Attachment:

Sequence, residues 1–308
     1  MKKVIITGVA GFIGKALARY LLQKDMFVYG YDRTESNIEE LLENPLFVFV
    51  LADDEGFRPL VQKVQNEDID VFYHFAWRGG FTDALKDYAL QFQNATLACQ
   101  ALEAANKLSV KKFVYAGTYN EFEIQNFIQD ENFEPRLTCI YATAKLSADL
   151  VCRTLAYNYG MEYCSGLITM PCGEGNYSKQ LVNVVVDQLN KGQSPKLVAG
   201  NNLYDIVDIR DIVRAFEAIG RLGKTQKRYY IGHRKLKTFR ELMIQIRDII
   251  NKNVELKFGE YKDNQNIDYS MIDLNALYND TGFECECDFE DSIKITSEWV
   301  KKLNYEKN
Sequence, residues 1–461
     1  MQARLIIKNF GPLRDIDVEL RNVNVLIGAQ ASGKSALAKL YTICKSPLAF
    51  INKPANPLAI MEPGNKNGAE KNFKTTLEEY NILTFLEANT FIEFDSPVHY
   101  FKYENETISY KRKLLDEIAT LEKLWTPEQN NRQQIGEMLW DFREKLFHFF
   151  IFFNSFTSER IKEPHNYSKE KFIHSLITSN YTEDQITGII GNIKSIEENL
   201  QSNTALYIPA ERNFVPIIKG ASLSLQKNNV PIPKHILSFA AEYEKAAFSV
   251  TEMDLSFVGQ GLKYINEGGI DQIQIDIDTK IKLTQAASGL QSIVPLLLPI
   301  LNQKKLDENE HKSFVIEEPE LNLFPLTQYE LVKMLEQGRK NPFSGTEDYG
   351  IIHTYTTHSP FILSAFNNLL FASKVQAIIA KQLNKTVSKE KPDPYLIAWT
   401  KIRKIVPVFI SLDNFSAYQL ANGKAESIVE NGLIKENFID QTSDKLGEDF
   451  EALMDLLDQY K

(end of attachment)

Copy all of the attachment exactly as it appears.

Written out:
Sequence, residues 1–308
     1  MKKVIITGVA GFIGKALARY LLQKDMFVYG YDRTESNIEE LLENPLFVFV
    51  LADDEGFRPL VQKVQNEDID VFYHFAWRGG FTDALKDYAL QFQNATLACQ
   101  ALEAANKLSV KKFVYAGTYN EFEIQNFIQD ENFEPRLTCI YATAKLSADL
   151  VCRTLAYNYG MEYCSGLITM PCGEGNYSKQ LVNVVVDQLN KGQSPKLVAG
   201  NNLYDIVDIR DIVRAFEAIG RLGKTQKRYY IGHRKLKTFR ELMIQIRDII
   251  NKNVELKFGE YKDNQNIDYS MIDLNALYND TGFECECDFE DSIKITSEWV
   301  KKLNYEKN
Sequence, residues 1–461
     1  MQARLIIKNF GPLRDIDVEL RNVNVLIGAQ ASGKSALAKL YTICKSPLAF
    51  INKPANPLAI MEPGNKNGAE KNFKTTLEEY NILTFLEANT FIEFDSPVHY
   101  FKYENETISY KRKLLDEIAT LEKLWTPEQN NRQQIGEMLW DFREKLFHFF
   151  IFFNSFTSER IKEPHNYSKE KFIHSLITSN YTEDQITGII GNIKSIEENL
   201  QSNTALYIPA ERNFVPIIKG ASLSLQKNNV PIPKHILSFA AEYEKAAFSV
   251  TEMDLSFVGQ GLKYINEGGI DQIQIDIDTK IKLTQAASGL QSIVPLLLPI
   301  LNQKKLDENE HKSFVIEEPE LNLFPLTQYE LVKMLEQGRK NPFSGTEDYG
   351  IIHTYTTHSP FILSAFNNLL FASKVQAIIA KQLNKTVSKE KPDPYLIAWT
   401  KIRKIVPVFI SLDNFSAYQL ANGKAESIVE NGLIKENFID QTSDKLGEDF
   451  EALMDLLDQY K